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It's Illegal to Pirate Films in Iran, Unless You're the Government (vice.com) 35

An anonymous reader shares a report: While legal "pirating" exists in Iran, six administrators of the Iranian pirate movie site TinyMoviez have been arrested by Iranian authorities. This was a website the Iranian national broadcaster had used to download and nationally air movies in the past. The exact date of the arrests are unknown, but Tehran's Prosecutor General announced the arrests on September 26, 2017. The website is still online, but users haven't been able to download content from it since September 19, 2017. Now TinyMoviez administrators are finding themselves on the wrong side of Iran's odd and often pirating friendly copyright laws. Iran's copyright law is a quagmire when it comes to understanding what rights exists for creators of an original piece of work, and what rights exist for those wanting to re-distribute original works, such as movies. Meanwhile, Article 8 gives the government broad powers to reproduce work that is not its own. This means that the government is exempt from Article 23, which criminalizes the theft of another's work.
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It's Illegal to Pirate Films in Iran, Unless You're the Government

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  • A classic case of: Quod licet Iovi, non licet bovi [wikipedia.org].

    • by rtb61 ( 674572 )

      More like cat on a hot tin roof. On one paw, you get to harm the US economy by making it's content freely available, on the other paw, you are spreading evil content, on the other paw, you get to piss ohf the American government and they can't do much about it but on the other paw you are spreading US culture. Ouch, ouch, ouch, ouch, which paw do you burn and which paw to cool.https://www.youtube.com/watch?v=RdfFbCsM-4M

  • by Anonymous Coward

    It's Illegal to (VERB) in (PLACE), Unless You're the Government

  • This means that the government is exempt from Article 23, which criminalizes the theft of another's work.

    In civilized countries, it is called "taxes".

  • Library exception (Score:5, Informative)

    by tepples ( 727027 ) <tepples@ g m a il.com> on Tuesday October 10, 2017 @03:45PM (#55345279) Homepage Journal

    The featured article claims that Article 8 of Iran's copyright law mentions an exception for public libraries and educational institutions.

    Public libraries, documentation centers, scientific institutions and educational establishments, which are noncommercial, may reproduce protected works by a photographic or similar process, in the numbers necessary, for the purposes of their activities, according to a decree to be issued by the Board of Ministers.

    I don't see how it's fundamentally different from sections 108 [cornell.edu] and 110 [cornell.edu] of the U.S. copyright statute, which likewise grant exceptions for library and classroom use respectively.

    • Indeed; and my country enumerates the non-infringement in a copyrighted work's use by police and court proceedings, other government institutions, journalists, political speakers, classrooms, prayers, libraries under pretty broad rules, etc. etc... I would think that such exceptions must be pretty widespread.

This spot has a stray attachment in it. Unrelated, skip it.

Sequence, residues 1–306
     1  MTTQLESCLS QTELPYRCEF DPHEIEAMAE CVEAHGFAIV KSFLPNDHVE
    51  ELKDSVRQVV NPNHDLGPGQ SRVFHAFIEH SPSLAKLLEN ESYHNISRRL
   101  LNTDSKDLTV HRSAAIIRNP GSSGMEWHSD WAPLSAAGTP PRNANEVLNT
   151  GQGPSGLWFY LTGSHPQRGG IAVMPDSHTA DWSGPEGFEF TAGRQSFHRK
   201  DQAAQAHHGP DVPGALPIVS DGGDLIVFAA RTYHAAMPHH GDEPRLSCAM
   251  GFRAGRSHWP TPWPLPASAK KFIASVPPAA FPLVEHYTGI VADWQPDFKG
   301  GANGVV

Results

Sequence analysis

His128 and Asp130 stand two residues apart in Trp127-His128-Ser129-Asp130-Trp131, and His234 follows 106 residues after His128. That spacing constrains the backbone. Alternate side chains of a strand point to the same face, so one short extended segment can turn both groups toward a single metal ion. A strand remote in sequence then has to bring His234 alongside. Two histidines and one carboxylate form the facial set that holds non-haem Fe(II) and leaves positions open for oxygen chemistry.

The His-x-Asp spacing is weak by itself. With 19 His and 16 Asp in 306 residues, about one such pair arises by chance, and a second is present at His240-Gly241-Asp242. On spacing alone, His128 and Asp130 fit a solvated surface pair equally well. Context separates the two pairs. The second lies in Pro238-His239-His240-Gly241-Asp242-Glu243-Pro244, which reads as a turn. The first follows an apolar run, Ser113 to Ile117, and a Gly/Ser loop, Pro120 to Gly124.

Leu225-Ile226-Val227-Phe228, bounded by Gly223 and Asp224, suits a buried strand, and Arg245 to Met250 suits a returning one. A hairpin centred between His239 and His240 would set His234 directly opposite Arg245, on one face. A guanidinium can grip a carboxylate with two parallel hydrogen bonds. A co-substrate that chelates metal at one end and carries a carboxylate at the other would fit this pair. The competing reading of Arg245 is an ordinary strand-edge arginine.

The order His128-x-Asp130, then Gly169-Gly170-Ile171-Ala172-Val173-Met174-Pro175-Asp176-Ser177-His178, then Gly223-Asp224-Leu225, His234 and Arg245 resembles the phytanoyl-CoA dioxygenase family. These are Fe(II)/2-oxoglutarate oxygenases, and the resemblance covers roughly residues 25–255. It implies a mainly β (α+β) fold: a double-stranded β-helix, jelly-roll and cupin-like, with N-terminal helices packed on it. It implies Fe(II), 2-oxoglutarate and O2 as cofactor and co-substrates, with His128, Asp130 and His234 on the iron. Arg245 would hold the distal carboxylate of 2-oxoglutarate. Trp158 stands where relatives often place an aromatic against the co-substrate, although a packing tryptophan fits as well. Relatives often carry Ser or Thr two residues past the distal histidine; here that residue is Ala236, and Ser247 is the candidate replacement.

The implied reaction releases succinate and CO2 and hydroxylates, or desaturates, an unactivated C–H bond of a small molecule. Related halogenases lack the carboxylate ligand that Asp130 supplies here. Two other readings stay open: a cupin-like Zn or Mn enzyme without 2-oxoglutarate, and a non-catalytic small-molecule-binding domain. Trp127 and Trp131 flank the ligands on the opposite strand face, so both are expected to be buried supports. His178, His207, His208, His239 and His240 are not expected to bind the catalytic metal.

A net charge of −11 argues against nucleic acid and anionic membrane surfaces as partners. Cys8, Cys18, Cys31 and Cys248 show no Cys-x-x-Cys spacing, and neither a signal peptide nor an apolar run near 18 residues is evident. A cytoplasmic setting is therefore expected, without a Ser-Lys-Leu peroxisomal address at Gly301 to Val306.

• by Anonymous Coward

    If you're licensed by the government to do so. And it isn't really pirating
    for Iranians since Iran is not a signatory to the WIPO treaty and not bound by international copyright conventions.

    BTW, here is a PDF of Iran's copyright law from the WIPO website http://www.wipo.int/wipolex/en/text.jsp?file_id=197798 [wipo.int]

    Reading it you'll find that it is hardly a quagmire of confusing and conflicting clauses for authors, and that motherboard's representation of Article 8 is disingenuous, " Article 8 gives the government

    • by mutantSushi ( 950662 ) on Tuesday October 10, 2017 @05:23PM (#55345855)
      That shows the moronic premise of the article. If the government doesn't make it a crime, it isn't a crime. "IP rights" are nowhere considered "natural law", they are specific government policy with aim for certain economic outcome.That Iran happens to differ from US law is unsurprising, MANY countries differ from US re: IP law (e.g. software patents). Hard to take article seriously when 99% of it is misguided and superfluous. But "OMG IRAN" plays well in Zionist States of America, so...
  • I can't believe Steve Martin thought he'd get away with this.

  • This government can do whatever it wants, whenever it wants, for as long as it wants, because....if you don't like it, it can take it up with the people who have weapons that can take out your house. an intelligence that can blackmail your pets, and murder squad so good at killing you don't even know you're dead till a few hours after the trigger has been pulled. It's kind of like the story: Someone gets a loan from a bank for a tank. They by the tank. A friend asks what are you going to do when the bank c
  • Iran is not a signatory to the Berne Convention for the Protection of Literary and Artistic Works or the WIPO Copyright Treaty, or a member of the World Trade Organization (WTO), so it is not bound by international copyright laws. Why? The United States has vetoed Iran's ascension to the WTO 22 times, and Iran will not play by the rules if they don't get to join the club.

  • by sconeu ( 64226 ) on Tuesday October 10, 2017 @04:58PM (#55345715) Homepage Journal

    Is the OP sure that the arrests were for piracy, and not for putting up something that might be considered either pro-Western or un-Islamic?

  • ... US citizens might like to read this: https://www.lewrockwell.com/20... [lewrockwell.com]

    In the USA, the state can confiscate cash (or pretty well anything else) without even accusing you of a crime.

All laws are simulations of reality. -- John C. Lilly

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